After his speech, though, the Homeland Security Department clarified that it wouldn’t apply to American citizens, legal permanent residents or their families. That likely will blunt some of the impact, and keep at least some kind of air bridge functioning between the U.S. and the European Union, but it still represents a blow for airlines that depend on lucrative Transatlantic routes.
Airlines for America, the trade group that represents major U.S. airlines, said in a carefully-worded statement that Trump’s action will “hit U.S. airlines, their employees, travelers and the shipping public extremely hard,” but that they “respect the need to take this unprecedented action.”
Sara Nelson, president of the Association of Flight Attendants-CWA, was less measured, calling it an “irresponsible” abdication of leadership in the face of a global challenge.
She also dinged Trump for issuing several statements during his speech that his functionaries later had to walk back, including the erroneous statement that the ban would apply to every traveler going from the EU to the U.S., and that it would apply to all-cargo flights as well. Neither are true.
“Without any consultation with the industry, we don’t even know what this means. President Trump said one thing during his TV address and the administration appears to be walking back several key statements. This only creates more confusion and proves this is about politics, not public safety,” Nelson said.
Trump’s order to stop even a portion of travel from Europe to the United States will be the most severe disruption in airline travel since the Sept. 11 terrorist attacks — except it will last far longer, by an order of weeks. In the aftermath of the attacks, planes were grounded across the United States for just days, spurring Congress and then-President George W. Bush to enact a bailout worth $5 billion in immediate cash and $10 billion in loan guarantees.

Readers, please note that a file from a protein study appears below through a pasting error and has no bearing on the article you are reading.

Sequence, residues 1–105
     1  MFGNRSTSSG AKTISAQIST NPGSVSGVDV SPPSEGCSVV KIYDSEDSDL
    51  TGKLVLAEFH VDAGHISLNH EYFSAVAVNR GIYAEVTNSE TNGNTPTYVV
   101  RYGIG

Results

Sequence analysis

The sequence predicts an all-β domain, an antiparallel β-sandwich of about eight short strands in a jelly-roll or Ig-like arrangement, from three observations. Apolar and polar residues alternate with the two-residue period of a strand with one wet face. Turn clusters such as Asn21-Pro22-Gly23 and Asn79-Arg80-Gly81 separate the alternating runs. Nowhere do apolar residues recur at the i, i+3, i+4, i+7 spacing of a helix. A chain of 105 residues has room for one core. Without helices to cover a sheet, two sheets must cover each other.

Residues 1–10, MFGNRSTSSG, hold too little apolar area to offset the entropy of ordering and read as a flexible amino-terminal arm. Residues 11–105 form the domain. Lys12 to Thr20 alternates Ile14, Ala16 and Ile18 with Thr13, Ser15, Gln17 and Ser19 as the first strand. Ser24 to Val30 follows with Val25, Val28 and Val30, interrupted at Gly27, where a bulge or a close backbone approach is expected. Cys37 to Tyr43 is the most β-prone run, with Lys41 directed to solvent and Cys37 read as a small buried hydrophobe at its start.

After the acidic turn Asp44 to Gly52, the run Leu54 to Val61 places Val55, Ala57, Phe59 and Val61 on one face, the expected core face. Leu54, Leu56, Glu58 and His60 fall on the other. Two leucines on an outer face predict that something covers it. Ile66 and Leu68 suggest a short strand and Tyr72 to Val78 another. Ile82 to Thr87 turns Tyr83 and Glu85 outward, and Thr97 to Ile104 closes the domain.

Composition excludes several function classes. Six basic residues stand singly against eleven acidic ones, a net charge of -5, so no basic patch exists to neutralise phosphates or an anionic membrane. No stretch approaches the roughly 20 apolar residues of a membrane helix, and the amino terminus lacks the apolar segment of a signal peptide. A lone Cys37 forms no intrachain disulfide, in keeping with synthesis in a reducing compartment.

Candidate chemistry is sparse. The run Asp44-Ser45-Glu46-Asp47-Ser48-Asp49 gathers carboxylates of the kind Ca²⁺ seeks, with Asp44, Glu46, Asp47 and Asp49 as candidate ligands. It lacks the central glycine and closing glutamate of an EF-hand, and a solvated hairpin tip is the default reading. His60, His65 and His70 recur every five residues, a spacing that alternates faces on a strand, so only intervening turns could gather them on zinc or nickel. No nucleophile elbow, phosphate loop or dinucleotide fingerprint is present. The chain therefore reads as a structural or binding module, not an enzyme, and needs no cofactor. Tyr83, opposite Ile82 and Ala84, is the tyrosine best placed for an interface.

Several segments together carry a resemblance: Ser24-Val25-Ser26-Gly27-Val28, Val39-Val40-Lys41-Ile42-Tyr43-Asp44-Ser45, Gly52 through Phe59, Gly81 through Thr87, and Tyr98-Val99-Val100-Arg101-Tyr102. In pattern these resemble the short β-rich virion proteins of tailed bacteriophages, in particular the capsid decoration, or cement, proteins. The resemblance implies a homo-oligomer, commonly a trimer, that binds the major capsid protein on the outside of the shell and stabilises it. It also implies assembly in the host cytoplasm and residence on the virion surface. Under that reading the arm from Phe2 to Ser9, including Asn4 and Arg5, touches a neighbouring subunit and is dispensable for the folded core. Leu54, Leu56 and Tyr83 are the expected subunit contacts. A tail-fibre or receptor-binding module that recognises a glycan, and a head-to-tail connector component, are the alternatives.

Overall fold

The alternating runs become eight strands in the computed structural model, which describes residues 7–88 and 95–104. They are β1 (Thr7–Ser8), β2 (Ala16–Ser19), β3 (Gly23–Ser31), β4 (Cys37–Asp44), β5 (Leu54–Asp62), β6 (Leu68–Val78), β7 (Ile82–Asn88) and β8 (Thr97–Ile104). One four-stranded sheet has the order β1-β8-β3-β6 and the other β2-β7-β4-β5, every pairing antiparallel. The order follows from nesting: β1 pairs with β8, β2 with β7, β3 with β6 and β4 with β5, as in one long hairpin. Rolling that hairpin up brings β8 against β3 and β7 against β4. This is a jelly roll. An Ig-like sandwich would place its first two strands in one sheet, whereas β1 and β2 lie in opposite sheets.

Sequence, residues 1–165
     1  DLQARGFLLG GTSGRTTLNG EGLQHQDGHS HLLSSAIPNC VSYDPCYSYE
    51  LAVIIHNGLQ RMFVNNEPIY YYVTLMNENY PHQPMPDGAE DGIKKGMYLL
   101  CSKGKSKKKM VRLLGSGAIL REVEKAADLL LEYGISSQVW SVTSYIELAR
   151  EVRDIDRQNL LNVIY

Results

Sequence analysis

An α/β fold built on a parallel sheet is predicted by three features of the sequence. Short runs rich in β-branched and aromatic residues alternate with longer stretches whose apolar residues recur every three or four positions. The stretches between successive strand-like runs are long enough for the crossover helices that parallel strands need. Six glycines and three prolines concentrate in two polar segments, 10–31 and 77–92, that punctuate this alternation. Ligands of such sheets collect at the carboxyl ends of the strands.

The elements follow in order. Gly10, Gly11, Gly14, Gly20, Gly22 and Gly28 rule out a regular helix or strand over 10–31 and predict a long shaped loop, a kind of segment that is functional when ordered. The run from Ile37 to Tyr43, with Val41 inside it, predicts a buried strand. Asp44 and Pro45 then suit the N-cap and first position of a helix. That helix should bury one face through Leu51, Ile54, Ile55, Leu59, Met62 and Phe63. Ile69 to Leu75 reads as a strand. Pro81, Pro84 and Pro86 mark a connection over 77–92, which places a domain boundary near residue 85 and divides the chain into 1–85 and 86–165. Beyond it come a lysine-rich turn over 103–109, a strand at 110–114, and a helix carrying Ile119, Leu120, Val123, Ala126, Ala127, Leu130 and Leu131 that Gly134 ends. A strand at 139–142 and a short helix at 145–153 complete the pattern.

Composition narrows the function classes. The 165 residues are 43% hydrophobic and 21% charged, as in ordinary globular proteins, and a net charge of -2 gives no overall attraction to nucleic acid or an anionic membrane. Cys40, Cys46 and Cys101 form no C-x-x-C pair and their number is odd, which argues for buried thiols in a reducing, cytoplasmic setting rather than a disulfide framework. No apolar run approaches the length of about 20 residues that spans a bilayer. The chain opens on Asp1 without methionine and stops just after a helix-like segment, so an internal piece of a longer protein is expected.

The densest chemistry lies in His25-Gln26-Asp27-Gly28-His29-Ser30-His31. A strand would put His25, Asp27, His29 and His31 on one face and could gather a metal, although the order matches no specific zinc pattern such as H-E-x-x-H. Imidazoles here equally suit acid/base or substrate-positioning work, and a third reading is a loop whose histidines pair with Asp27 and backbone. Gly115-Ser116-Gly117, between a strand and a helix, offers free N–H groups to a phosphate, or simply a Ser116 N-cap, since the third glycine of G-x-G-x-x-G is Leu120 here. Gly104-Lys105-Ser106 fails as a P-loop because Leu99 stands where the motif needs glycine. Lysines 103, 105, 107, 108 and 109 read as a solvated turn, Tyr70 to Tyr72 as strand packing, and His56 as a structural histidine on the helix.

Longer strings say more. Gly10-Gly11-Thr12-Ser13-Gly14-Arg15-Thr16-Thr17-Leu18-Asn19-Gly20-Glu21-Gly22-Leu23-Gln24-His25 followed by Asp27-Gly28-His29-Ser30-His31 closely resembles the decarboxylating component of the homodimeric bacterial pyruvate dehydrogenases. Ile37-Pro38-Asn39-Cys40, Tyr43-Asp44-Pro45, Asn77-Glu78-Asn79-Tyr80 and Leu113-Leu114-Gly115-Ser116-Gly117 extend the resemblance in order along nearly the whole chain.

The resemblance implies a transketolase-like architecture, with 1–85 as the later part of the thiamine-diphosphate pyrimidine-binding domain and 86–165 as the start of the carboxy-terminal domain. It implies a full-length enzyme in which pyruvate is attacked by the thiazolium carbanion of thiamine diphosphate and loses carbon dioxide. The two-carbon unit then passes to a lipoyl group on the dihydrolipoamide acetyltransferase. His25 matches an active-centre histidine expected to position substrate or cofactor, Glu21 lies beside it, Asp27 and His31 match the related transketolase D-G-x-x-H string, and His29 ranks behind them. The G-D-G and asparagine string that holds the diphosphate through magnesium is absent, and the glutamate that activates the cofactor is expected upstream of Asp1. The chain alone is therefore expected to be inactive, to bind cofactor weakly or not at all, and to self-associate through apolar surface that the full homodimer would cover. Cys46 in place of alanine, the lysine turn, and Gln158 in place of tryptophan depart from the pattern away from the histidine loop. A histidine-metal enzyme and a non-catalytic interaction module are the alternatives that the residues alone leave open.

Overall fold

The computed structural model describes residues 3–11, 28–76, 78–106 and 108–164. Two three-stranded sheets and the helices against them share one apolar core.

Minutes after Trump’s Oval Office address, U.S. stock futures fell almost 900 points as investors absorbed the news.
Whether they call it a “bailout” or not, the financial impact could be severe for the industry.
American airlines had already been seeing precipitous drops in their passenger volumes as coronavirus fears spread — earlier Wednesday, United said its worst-case scenario was a 70 percent revenue drop for April and May. Losing the lucrative Translantic market, which amounts to roughly a third of global traffic including Canada and Mexico, will only exacerbate the losses.
The restrictions won’t apply to Britain — no doubt welcome news for American Airlines, which enjoys privileged access to London’s Heathrow Airport through its codesharing arrangement with British Airways.